The tow truck driver dropped it at an independent VW garage and I locked it, dropped the key through the little hole in the front of the building and added a note. They called me the next day and said they had found my note, but it really hadn't been necessary. They were pretty much able to see the problem when they walked up.
That afternoon I had someone drop me off. The mechanic came out and looked at the car with me and said, "So, it surprises me that this happened."
"Really?" I said. "It surprised me too."
We both stood beside the new wheel and nodded our heads. It was a nice, shared moment, but then he ruined it. "Yeah, because usually you have a little warning."
My eyes lifted and I focused on the building across the driveway. "Oh? How long of a warning?"
He folded his arms and stared up at the sky, calculating in his head. "I guess about six months."
"Hummm," I said and knitted my brows. "What kind of a warning?"
"A humming sound. You never heard it?"
I have a six-CD changer and front and rear speakers, for crying out loud. If there was an off-note tone, I simply edged the volume up. "I did once, when they had just repaved. I thought it was the new pavement."
His lips thinned and he sucked in air. "Let me tell you all the things that could have happened by ignoring this." The next ten minutes I nodded and made little noises meant to sound like I agreed with him. When he finished his diatribe he jammed his hand into his pocket and yanked out a little cup shaped thing. I backed up a step. "And here is another thing," he jeered. "Do you see the little copper wire down in the bottom of this?" He shoved it next to my jaw.
I squinted into the cup, but could not see the wire. I'm not a car person and this was obviously a car part. My jaw rose in challenge. "No I don't."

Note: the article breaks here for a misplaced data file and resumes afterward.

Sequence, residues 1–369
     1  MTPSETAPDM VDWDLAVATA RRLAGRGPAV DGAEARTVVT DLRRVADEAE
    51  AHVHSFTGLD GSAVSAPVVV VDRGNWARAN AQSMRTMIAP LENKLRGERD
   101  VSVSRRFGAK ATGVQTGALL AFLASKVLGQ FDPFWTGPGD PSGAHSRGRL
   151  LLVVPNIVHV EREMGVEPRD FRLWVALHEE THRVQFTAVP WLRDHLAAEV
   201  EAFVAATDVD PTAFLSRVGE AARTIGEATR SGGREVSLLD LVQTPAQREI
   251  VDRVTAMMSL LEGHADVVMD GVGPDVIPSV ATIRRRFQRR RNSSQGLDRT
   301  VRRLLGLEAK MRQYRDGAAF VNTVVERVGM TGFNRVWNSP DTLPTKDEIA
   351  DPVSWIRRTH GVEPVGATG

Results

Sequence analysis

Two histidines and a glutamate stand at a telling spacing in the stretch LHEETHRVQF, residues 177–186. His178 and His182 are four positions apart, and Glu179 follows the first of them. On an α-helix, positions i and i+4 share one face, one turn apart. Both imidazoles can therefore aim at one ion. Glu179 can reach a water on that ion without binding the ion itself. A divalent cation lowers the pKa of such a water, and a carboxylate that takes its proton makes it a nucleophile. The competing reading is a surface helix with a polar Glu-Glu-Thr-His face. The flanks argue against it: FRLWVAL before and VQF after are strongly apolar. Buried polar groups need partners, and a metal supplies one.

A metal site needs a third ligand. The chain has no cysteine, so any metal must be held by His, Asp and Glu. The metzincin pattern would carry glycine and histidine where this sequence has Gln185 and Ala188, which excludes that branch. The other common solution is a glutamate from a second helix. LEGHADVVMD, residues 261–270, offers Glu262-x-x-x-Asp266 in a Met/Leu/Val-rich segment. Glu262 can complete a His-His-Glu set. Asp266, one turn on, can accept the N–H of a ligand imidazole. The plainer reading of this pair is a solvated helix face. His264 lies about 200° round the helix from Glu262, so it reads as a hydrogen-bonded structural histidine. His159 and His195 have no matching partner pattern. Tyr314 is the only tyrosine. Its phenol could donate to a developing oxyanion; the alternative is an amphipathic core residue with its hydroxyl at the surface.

"That is because there isn't one." He held it up in front of my eyes. "But there should be." He marched over to the hood and hauled it open. "Someone put a cheap imitation part on this car instead of a genuine VW part," he accused, "and the car is not going to run as well without it." He pointed to a new part shining in beams of sunlight and birds chirped all around us.
That was about seven years ago. Last week he came out from the shop floor, wiping his hands on a fluffy white towel, and shook his head. "I'm sorry. There isn't a lot we can do." He listed all the possible causes of the humming.
I finally held up my hand. "So what are you trying to say?"
He held up his own hand and started ticking off points on the other. "You've got one hundred eighty thousand miles, the roof leaks, the throttle is going, the clutch is going and it is very possible the transmission is going. It is time to start looking for a new car."
A lump formed in my throat. "How long does it have?"
He shrugged. "Six months, a year."
Today I sat in a 2010 Subaru Legacy and a VW Jetta and had to tamp down a bubble of emotion as I looked through the windshield at my little Cabrio quivering in the parking lot. This is going to be hard.